Drink Water, Save your Life!

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According to the World Health Organization (WHO) suicide is responsible for around 800,000 deaths globally, every year. As the world continues to battle political unrest, climate change, and, a pandemic it seems things won’t be getting better any time soon. 

However, it seems the researchers at Brighton and Sussex Medical School and King’s College London may have managed to find a way to reduce this toll and alleviate the pain of those suffering. 

In these unprecedented times of the COVID-19 pandemic and the consequent increase in the incidence of mental health conditions, accessing ways to improve community mental health and reduce the incidence of anxiety, depression, and suicide is ever more important.

Lead author, Professor Anjum Memon

Since the 1990s researchers have argued that trace amounts of lithium in drinking water may help lower the suicide rate and decrease violence in local populations. Researchers in the UK have now conducted a meta-analysis of these studies to find evidence of whether there is an association between lithium levels in water and suicide rates in a population. They published their findings in the British Journal of Psychiatry. Out of a total of 415 articles, 15 were used for the analysis and included data from 1286 localities from around the world. 

Lithium – the magic ‘ion’

Lithium is a naturally occurring element that can be found in trace amounts in various rocks and, weathering can cause it to enter our water supply. Its widely used as a potent mood stabilizer especially in individuals with bipolar disorders for its ability to reduce aggression, stabilize mood, and lower the risk of suicide in individuals with mood disorders. However, individuals taking lithium have to be continuously monitored for lithium toxicity. The dose at which lithium toxicity can occur tends to vary among individuals.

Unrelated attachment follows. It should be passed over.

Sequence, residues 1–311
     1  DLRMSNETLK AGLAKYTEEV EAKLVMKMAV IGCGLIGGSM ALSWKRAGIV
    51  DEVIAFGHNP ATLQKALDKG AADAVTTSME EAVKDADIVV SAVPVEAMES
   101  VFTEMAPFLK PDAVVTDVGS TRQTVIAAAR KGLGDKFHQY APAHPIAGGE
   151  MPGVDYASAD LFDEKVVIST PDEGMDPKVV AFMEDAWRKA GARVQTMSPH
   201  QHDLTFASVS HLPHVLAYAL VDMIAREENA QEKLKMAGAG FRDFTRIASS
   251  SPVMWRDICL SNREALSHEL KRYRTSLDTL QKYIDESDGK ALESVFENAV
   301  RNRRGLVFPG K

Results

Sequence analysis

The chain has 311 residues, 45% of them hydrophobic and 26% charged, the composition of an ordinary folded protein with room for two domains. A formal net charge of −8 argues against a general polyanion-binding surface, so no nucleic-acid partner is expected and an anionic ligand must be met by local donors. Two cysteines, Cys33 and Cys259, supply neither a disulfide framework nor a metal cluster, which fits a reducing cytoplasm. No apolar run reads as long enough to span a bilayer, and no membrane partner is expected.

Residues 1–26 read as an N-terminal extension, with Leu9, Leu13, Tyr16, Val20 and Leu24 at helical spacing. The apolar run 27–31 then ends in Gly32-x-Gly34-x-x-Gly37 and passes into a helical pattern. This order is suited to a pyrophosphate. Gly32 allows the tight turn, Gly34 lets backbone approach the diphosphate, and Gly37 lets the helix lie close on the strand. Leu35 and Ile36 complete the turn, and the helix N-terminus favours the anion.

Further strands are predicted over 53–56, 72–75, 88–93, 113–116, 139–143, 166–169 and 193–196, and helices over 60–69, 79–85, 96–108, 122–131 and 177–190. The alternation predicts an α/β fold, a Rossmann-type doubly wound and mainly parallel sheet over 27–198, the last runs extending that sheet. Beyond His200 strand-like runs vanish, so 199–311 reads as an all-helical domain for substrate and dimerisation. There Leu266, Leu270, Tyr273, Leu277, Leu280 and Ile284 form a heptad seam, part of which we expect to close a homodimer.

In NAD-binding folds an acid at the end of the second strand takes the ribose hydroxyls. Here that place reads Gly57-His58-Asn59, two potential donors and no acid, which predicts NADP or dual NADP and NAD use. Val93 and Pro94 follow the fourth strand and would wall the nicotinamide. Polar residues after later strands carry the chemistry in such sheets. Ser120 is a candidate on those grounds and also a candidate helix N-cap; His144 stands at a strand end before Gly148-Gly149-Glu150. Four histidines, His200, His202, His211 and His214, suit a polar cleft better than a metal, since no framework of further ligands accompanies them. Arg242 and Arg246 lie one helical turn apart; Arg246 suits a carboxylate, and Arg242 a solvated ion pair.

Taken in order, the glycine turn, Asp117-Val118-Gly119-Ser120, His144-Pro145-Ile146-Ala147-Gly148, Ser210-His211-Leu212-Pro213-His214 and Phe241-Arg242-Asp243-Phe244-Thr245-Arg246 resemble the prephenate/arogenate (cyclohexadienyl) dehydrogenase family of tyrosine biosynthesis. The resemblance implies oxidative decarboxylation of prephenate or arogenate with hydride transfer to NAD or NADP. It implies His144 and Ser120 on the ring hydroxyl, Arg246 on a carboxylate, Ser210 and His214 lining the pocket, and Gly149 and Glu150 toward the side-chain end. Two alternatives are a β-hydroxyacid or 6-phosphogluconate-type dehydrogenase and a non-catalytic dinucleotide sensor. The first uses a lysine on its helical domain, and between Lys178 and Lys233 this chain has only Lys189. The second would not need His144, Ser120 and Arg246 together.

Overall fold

The result of the analysis confirmed the link between lower suicide rates and higher levels of lithium in drinking water. However, the team argues that ecological studies, such as the ones included in the analysis, can only generate hypotheses and not answers. Therefore, the next step would be to test the hypothesis by conducting community trials where trace amounts of lithium are added to water supplies of particular communities and their effects are then studied. The trials could focus on communities with a higher level of mental health problems. However, the ethical implications of such a trial have to be kept in mind.

It is important to remember that lithium levels in drinking water are much lower than the medicinal doses used in psychiatry. Additionally, when we study the effects of lithium in communities it is imperative that all other sources of lithium, other than drinking water, and factors that contribute to a person’s mental health are also taken into account. Therefore, further research is needed to fully understand the extent of lithium’s effect on a community’s mental health and whether these results are solely due to lithium or other contributing factors.

Reference:

Memon, A., Rogers, I., Fitzsimmons, S., Carter, B., Strawbridge, R., Hidalgo-Mazzei, D., & Young, A. (2020). Association between naturally occurring lithium in drinking water and suicide rates: Systematic review and meta-analysis of ecological studies. The British Journal of Psychiatry, 1-12. doi:10.1192/bjp.2020.128

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